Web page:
Why you should check your page speed (urgently)

It’s no longer an option for your site to lag— you could be missing out on a chunk of business.
18 January 2019

Want to keep your customers engaged online? Work on your page speed. Source: Shutterstock

If you’re an SME with enough interest in technology to be reading this publication, it’s a reasonable assumption that your business has a website, but when was the last time you checked its page speed?

In an ever more competitive and digital marketplace, eye-catching branding, a smooth and intuitive user experience, and the ability to serve your customers the right information and functionality with ease are crucial.

All that effort (and expense), however, will be wasted if customers are abandoning your page before it’s even loaded.

That’s a concern highlighted in a new report by Unbounce which, based on a survey of 1150 customers and marketers in the US and Canada, finds the urgency of page speed to be the difference between getting customers onto your website and losing them to your competitors.

“Today, everyone online expects to buy products, browse content, and find answers to their questions with zero lag,” says Ryan Engley, VP, Product Marketing for Unbounce. “Unfortunately, as interactivity and media like video become more prevalent, the average web page size has increased, and so has the time that consumers have to wait for pages to load.”

According to Engley, the effect of page ‘lag’ is at its worst on mobile, where the average web page has doubled in size over the past three years. Insights from Google say consumers now wait an average of 15 seconds for a page to load.

“Slow pages create a terrible consumer experience and lead to fewer conversions for marketers,” says Engley.

Of course, Unbounce reminds us that the issue of page speed is nothing new. For the past decade, Google has been arguing that page speed matters, launching tools to allow companies to measure and improve website loading times.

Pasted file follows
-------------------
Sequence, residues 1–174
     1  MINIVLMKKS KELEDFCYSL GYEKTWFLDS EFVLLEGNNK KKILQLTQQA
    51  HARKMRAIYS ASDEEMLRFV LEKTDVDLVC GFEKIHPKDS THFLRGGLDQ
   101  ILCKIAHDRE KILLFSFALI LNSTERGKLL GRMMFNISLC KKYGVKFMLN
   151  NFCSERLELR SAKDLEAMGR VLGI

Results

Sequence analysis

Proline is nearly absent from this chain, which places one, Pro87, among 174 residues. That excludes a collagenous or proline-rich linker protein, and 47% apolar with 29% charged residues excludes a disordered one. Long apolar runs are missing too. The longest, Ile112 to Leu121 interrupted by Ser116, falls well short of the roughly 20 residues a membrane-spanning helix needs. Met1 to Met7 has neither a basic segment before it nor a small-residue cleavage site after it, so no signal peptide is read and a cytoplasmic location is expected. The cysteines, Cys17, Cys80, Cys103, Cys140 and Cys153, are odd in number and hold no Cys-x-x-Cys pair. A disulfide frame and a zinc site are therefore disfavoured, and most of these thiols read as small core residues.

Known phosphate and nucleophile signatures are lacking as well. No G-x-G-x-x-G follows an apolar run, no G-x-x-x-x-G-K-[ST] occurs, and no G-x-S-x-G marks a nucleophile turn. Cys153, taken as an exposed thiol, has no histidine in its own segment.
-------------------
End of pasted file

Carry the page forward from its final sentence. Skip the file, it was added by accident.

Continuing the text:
The search giant has even made page speed a ranking factor on desktop and mobile and launched Accelerated Mobile Pages (AMP) in 2017, which sought to combat increasing user drop-off rates on mobile with lightning load times, by dramatically stripping back the size of web pages.

Fast forward to 2019, and ensuring speed is optimized may no longer be an option for companies online; consumers will now bounce from a loading page after just three seconds, while nearly 70 percent of consumers say that slow pages put them off buying online.

The negative effect of a slow-loading page can also be damaging for your long-term e-commerce strategy. Just shy of 37 percent of consumers are less likely to return to an online retailer if they experience slow-loading pages.

Despite those findings, and with three-quarters of marketers deeming page-speed improvements either somewhat or very urgent, just three percent of marketers said faster loading times were a top priority in 2019. That’s despite the huge chunks of business they could be missing.  

57 percent of marketers, meanwhile, have no current plans to implement Google’s Accelerated Mobile Pages (AMP). A quarter are still considering it.

“Businesses need to keep the visitor in mind— their anxiety, their impatience, their near-unlimited options on the web,” said Andy Crestodina, Co-Founder of Orbit Media. It’s also an important consideration if you’re aiming to reach audiences in less-developed countries with slower connections, and carries environmental benefits as a whole.

“Businesses share in the common responsibility to make the internet work properly — keeping things lightweight and fast is a big part of that,” Crestodina added.